So how sound are the claims being used to justify the federal government’s expenditure of up to $12 billion in taxpayer funds to purchase Kinder Morgan’s Trans Mountain expansion (TMX) project?
The Trudeau government says the purchase is in the ‘national interest’, will create thousands of jobs, and that delays in the project are costing Canada $15 billion per year. The total cost for the federal government includes $4.5 billion for existing Trans Mountain assets, plus a notional $7.4 billion for construction of the expansion.
The jobs argument has been thoroughly debunked. Most jobs would be in construction of the pipeline and end with completion in late 2019 or 2020. Permanent jobs upon completion of construction would be 40 in Alberta and 50 in BC, according to Kinder Morgan’s application to National Energy Board (NEB).
The claim that delays in the pipeline are costing Canada $15 billion per year bears closer examination as it has been used repeatedly by the Notley and Trudeau governments to justify the project, and has been widely cited in the media.
A little digging reveals this number came from a Scotiabank report published on February 20. The report states: “If maintained at current levels, the discount on Western Canadian oil [due to delays in pipeline approvals] would shave C$15.6 billion in revenue annually from the sector.”
The jobs argument has been thoroughly debunked.
At the time this report was published, the discount between Western Canadian Select (WCS), the Canadian heavy oil benchmark priced at Hardisty Alberta, and West Texas Intermediate (WTI) priced at Cushing Oklahoma, was US$32.10 per barrel.
Scotiabank correctly pointed out that the discount between WCS and WTI is normally about $13, but an outage on the Keystone export pipeline due to a spill in South Dakota in mid-November 2017 caused a 20-per-cent reduction in capacity and resulted in a spike in the discount. The discount is normally made up of an $8 per barrel quality discount due to the higher cost of refining heavy oil, and a $5 per barrel transportation cost from Hardisty to Cushing.
Scotiabank also pointed out there will be a deficit of pipeline capacity until one of the three currently approved pipelines is completed—now slated at the earliest for late 2019 or 2020. Any one of these—Keystone XL, Line 3 or TMX—would serve the purpose. Hence the federal and Alberta governments’ insistence that the lack of TMX is costing Canada $15 billion per year is a bogus argument.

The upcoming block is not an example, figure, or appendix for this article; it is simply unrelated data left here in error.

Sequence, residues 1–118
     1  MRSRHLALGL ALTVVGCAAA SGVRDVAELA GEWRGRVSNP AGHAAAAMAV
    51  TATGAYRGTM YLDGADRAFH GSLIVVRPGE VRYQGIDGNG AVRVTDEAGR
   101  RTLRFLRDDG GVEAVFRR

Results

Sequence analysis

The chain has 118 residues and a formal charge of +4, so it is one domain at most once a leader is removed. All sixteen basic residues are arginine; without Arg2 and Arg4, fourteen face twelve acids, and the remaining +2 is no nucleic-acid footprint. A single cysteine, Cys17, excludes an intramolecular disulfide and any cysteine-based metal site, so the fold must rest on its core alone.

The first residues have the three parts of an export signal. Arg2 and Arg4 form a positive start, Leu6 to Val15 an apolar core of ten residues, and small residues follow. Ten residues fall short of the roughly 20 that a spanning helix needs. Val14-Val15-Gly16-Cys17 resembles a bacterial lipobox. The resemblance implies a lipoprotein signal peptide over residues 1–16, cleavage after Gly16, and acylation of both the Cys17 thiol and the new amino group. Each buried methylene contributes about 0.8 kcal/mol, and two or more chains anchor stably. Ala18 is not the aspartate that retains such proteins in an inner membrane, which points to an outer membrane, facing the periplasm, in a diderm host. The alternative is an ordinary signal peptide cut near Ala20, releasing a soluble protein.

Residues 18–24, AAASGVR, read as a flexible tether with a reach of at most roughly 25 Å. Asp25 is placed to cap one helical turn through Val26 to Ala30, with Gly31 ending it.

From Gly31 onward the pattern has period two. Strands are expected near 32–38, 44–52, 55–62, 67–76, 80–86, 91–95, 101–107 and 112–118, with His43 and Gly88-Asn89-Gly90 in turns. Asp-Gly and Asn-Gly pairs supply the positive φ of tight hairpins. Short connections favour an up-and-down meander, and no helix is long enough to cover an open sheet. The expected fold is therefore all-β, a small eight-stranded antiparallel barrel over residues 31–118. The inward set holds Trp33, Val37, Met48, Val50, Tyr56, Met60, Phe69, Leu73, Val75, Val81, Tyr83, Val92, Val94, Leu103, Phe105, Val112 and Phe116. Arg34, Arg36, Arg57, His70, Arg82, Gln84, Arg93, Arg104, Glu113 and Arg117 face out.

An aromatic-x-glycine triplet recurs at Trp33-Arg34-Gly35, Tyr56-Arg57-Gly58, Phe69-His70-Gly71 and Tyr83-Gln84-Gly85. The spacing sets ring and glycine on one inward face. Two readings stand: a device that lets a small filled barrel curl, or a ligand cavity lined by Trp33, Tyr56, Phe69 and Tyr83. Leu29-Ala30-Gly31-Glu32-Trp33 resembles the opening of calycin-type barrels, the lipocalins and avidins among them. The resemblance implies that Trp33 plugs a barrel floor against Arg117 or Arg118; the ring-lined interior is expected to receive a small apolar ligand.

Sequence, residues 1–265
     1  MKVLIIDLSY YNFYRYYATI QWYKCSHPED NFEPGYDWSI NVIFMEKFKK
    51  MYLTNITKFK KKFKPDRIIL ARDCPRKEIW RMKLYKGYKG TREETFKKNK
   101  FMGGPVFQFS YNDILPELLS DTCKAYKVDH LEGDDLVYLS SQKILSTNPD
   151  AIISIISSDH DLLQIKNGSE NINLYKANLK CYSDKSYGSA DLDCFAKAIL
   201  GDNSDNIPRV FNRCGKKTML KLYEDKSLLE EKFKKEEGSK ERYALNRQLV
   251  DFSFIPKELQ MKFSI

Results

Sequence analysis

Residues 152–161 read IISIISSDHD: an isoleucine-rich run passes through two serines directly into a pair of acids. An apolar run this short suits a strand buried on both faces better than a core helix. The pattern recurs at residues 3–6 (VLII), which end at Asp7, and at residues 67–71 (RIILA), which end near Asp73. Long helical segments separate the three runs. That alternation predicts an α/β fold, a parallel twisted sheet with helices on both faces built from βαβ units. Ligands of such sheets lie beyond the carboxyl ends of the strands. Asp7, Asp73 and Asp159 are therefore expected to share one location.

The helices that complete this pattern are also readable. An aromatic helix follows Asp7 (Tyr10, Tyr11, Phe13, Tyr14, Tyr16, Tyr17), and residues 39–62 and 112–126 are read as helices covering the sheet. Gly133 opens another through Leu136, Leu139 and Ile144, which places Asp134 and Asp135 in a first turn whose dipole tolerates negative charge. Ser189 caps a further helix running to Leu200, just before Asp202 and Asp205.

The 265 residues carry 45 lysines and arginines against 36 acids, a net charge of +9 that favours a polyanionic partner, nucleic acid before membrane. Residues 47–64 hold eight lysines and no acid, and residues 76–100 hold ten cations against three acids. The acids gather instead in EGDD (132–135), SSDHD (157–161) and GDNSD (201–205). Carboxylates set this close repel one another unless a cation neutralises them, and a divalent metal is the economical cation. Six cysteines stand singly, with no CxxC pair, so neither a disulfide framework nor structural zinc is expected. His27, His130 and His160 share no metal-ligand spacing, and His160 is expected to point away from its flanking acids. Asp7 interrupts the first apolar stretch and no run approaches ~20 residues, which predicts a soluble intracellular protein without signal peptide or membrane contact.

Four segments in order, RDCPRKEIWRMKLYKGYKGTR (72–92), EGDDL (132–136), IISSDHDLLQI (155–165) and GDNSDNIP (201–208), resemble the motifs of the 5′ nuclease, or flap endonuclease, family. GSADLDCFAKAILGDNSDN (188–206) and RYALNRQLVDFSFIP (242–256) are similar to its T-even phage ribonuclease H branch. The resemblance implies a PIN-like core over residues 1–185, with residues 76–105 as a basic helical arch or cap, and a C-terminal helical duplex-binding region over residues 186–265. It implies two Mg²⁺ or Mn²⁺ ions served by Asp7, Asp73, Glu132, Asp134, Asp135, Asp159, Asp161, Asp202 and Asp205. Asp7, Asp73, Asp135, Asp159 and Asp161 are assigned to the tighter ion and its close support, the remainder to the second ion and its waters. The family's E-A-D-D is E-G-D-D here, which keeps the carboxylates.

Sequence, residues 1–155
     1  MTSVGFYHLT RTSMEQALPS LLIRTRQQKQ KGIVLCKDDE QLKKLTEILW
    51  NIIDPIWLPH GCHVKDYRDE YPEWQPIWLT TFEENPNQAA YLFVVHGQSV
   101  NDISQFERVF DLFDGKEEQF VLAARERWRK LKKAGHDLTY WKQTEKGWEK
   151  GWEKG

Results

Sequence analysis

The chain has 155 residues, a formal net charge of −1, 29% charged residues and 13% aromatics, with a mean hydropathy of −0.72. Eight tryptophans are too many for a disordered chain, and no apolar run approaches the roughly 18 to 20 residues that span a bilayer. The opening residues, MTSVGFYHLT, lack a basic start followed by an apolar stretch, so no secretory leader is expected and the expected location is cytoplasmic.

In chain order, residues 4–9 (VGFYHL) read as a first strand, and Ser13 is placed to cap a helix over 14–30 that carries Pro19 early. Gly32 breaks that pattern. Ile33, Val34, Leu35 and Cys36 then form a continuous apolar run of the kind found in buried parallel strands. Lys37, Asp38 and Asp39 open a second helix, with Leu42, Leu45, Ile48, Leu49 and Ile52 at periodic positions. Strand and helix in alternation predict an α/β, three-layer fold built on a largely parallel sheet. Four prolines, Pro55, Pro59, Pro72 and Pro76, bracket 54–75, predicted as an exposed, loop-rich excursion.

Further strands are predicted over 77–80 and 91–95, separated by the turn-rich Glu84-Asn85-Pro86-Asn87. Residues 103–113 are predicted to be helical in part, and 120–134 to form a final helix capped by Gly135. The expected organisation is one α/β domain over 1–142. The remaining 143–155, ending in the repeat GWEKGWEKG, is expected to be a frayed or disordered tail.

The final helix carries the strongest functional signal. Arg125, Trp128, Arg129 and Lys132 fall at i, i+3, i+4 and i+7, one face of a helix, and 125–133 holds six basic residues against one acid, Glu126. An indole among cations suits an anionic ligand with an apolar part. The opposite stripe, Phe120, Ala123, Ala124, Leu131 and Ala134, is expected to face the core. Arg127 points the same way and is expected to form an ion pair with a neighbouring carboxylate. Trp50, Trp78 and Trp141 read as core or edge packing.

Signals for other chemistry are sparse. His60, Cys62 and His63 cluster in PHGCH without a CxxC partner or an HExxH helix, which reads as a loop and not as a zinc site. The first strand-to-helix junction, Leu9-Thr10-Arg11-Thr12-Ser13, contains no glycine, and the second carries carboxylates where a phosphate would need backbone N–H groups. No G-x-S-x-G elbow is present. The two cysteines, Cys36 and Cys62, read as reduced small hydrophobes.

Digging deeper in the Scotiabank report reveals they expected the discount to be lower through 2018, averaging $21.60 per barrel. And with more rail transport, as is highly likely, they expected the discount to average $18 per barrel. So now we are down from $15.6 billion per year to $6.7 billion per year.
Looking still deeper, we see that the May 18 discount was actually $13 per barrel—exactly the long-term average, which means the discount that day was costing the oil sector in Canada precisely nothing. The spike in the discount was temporary and caused by exceptional circumstances. With two other approved pipelines likely to be built in the same timeframe, TMX delays are not costing Canadians anything.
The federal and Alberta governments’ insistence that lack of TMX is costing Canada $15 billion per year is a bogus argument.
The oft-cited claim that a price premium awaits if only Canadian bitumen could be exported to Asia via TMX is also untrue.
The Scotiabank report noted that the discount is due to quality and transport costs, and other reports point out that the discount to Asia would be greater than to the US Gulf Coast owing to higher transportation costs.
In light of the much-needed larger conversation on Canada’s energy future and commitments to reduce emissions, false claims of grievous financial damages over the impasse on TMX are a distraction.
The environmental concerns of BC are real and the justifications for purchasing TMX are flimsy indeed. Both the Notley and Trudeau governments are facing elections next year but pushing through this purchase based on false premises in order to save face and preserve political capital is a disservice to the long-term interests of Canada.
Canada needs an energy plan based on more than politically motivated rhetoric. Meeting future energy security needs and climate commitments, given current projections in the absence of political leadership, will otherwise be virtually impossible.
David Hughes’ most recent co-publication by the Canadian Centre for Policy Alternatives, Corporate Mapping Project and Parkland Institute is Canada’s Energy Outlook: Current realities and implications for a carbon-constrained future. It is available at energyoutlook.ca.
This piece originally appeared in Maclean’s.
Topics: Climate change & energy policy